The summer always provides a welcome break and a some time for reading. Apart from a bit of light reading I’ve enjoyed Switch: How to Change Things When Change is Hard by Dan & Chip Heath, Leverage Leadership by Paul Bambrick-Santoyo and Essentialism: The Disciplined Pursuit of Less by Greg McKeown.
The book currently open on my electronic reading device (no advertising here) is Visible Learning and the Science of How We Learn by John Hattie and Gregory Yates (2014). I’m probably a bit late to this and will have missed all the reviews in the blogosphere. It was released earlier this year and has sat, as a download, waiting to be opened for a number of months. The book builds on the two previous books by John Hattie: Visible Learning (2009) and Visible Learning for Teachers (2012) which emphasised, “Know Thy Impact”.
The book sets out nine principles about what is known about learning. As educators the better we understand the learning process the more able and likely we are to intervene positively in the learning process on behalf of our students.
Here are the principles:
Natural ability, talent, inclination towards or intelligence do not guarantee you will be a successful learner. Researchers have consistently and persistently found that there is a need for “substantial investments of time, energy, structured tuition and personal effort in order to develop mastery in all knowledge domains investigated.”
One for the Growth Mindset thinkers here.
Whilst we learn naturally through our senses, information needs to be organised in a way “that matches how our minds are structured and organised – and our minds change in how we structure and organise as we age.”
Prior learning matters as we are more likely to engage if we already know something about a subject. The more automatic our recall of this information is the more readily we can take the next step in our learning.
Limit the cognitive load! If we ask our students to make too great a leap in their learning, they’ll most likely fail. Be careful of the expert who can no longer remember or empathise with how difficult the early stages of mastering something was.
Great idea here, our brain is designed for recall rather than thinking. Thinking requires a lot of energy and does not have a guaranteed beneficial or positive outcome.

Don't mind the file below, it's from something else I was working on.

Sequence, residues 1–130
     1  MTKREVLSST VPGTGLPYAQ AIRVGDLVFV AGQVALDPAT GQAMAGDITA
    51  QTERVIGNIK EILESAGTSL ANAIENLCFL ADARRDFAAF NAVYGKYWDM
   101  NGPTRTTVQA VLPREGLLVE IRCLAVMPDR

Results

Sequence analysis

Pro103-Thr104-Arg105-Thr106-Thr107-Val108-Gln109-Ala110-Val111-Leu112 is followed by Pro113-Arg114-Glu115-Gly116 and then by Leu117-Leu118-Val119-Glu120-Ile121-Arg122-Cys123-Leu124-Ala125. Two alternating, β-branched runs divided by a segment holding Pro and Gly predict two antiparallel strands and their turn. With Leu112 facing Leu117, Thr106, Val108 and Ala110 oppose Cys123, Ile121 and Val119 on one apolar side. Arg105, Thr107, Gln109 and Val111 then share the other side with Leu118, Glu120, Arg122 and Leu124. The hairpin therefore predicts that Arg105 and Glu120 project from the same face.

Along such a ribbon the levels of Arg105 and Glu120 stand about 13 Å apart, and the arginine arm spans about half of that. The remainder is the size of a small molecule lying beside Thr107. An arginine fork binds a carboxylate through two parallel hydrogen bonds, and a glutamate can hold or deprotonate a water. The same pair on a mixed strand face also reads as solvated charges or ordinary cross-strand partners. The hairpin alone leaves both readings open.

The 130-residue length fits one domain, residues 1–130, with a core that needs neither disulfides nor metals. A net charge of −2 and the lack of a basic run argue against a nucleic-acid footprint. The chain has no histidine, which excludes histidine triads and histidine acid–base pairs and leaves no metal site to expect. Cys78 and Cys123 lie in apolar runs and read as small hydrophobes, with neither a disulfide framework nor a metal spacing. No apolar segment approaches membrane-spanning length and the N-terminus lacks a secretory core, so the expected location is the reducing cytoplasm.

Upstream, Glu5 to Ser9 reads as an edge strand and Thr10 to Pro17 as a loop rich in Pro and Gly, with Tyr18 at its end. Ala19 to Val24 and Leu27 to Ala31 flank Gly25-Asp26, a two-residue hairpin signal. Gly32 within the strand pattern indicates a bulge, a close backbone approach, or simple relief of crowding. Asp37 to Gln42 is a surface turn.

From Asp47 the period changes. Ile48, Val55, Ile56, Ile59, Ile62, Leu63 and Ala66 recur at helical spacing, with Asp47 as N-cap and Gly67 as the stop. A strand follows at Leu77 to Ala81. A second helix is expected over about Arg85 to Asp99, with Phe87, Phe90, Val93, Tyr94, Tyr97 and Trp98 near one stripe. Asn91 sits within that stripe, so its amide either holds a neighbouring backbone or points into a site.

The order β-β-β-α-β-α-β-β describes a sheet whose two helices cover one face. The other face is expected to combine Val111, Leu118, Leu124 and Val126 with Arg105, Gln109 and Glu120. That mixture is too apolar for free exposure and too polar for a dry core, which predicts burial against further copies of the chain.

For me there is a big shout out here for the benefits the SOLO Taxonomy can bring in structuring the learning and identifying a student’s next learning step – links to both Principle 2 & 3.
Humans learn from each other. It’s happened throughout evolution and continues today. We need to give “just in time” feedback. Discover it for yourself kind of learning doesn’t work well. Learners need their learning to be mediated and directed. The more expert you are in making the steps in the learning explicit the better the learning will be. Don’t forget what it was like to be a novice.
“The teacher’s role agreed upon by all parties and all theories of learning, is to invite and induce students to engage actively with learning sources.”
Hattie and Yates (2014)
If it’s worth our while we will increase our effort.
Motivation = Likelihood of Success X Importance to Us
If we feel a goal is achievable then we will “exert strong efforts to perform at a high level.” The likelihood of success is a multiplier when it comes to motivation.
This old adage holds much truth, “If you think you can or think you can’t, you’re probably right!”
Ensure short term actions are in the context of long term goals. If students are going to learn they need to “control impulses and delay gratification”.
The immediate tends to trump the important far too often. Keep focussing back on the goal and the actions needed to achieve it.
You need to consider the whole child, their self-esteem and social context as well as their academic growth. When threatened we take fright, take flight of have a fight none of which are conducive to learning.
Build environments in which students feel safe and it’s normal not to know the answer. After all that’s why we go to school, to learn.
The above graphic applies to teachers as well as students.
Our brain is social and we react to the physical presence of others and learn from them. As we change “groups” our behaviours change. Our behaviours change as the group changes.
“Fallacious ideas of human learning continue to be promoted despite being contradicted by available scientific opinion and evidence.”
Various tweeters and bloggers would have a field day here. Learning styles, multitasking (with respect to learning & thinking), computers will replace teachers (no, phew), computers increase the depth of cognition, the internet is reducing the level of students’ cognition and final music has an impact on our learning capability are all nonsense.
Cue a whole load of blogs, on the issues above, and a series of personal confessions …
I’ve no doubt in attempting to summarise a book in less than a 1000 words I’ve missed much and lost a few things in translation. These principles are covered in more detail across thirty one chapters. If you fancy a read this one comes well recommended.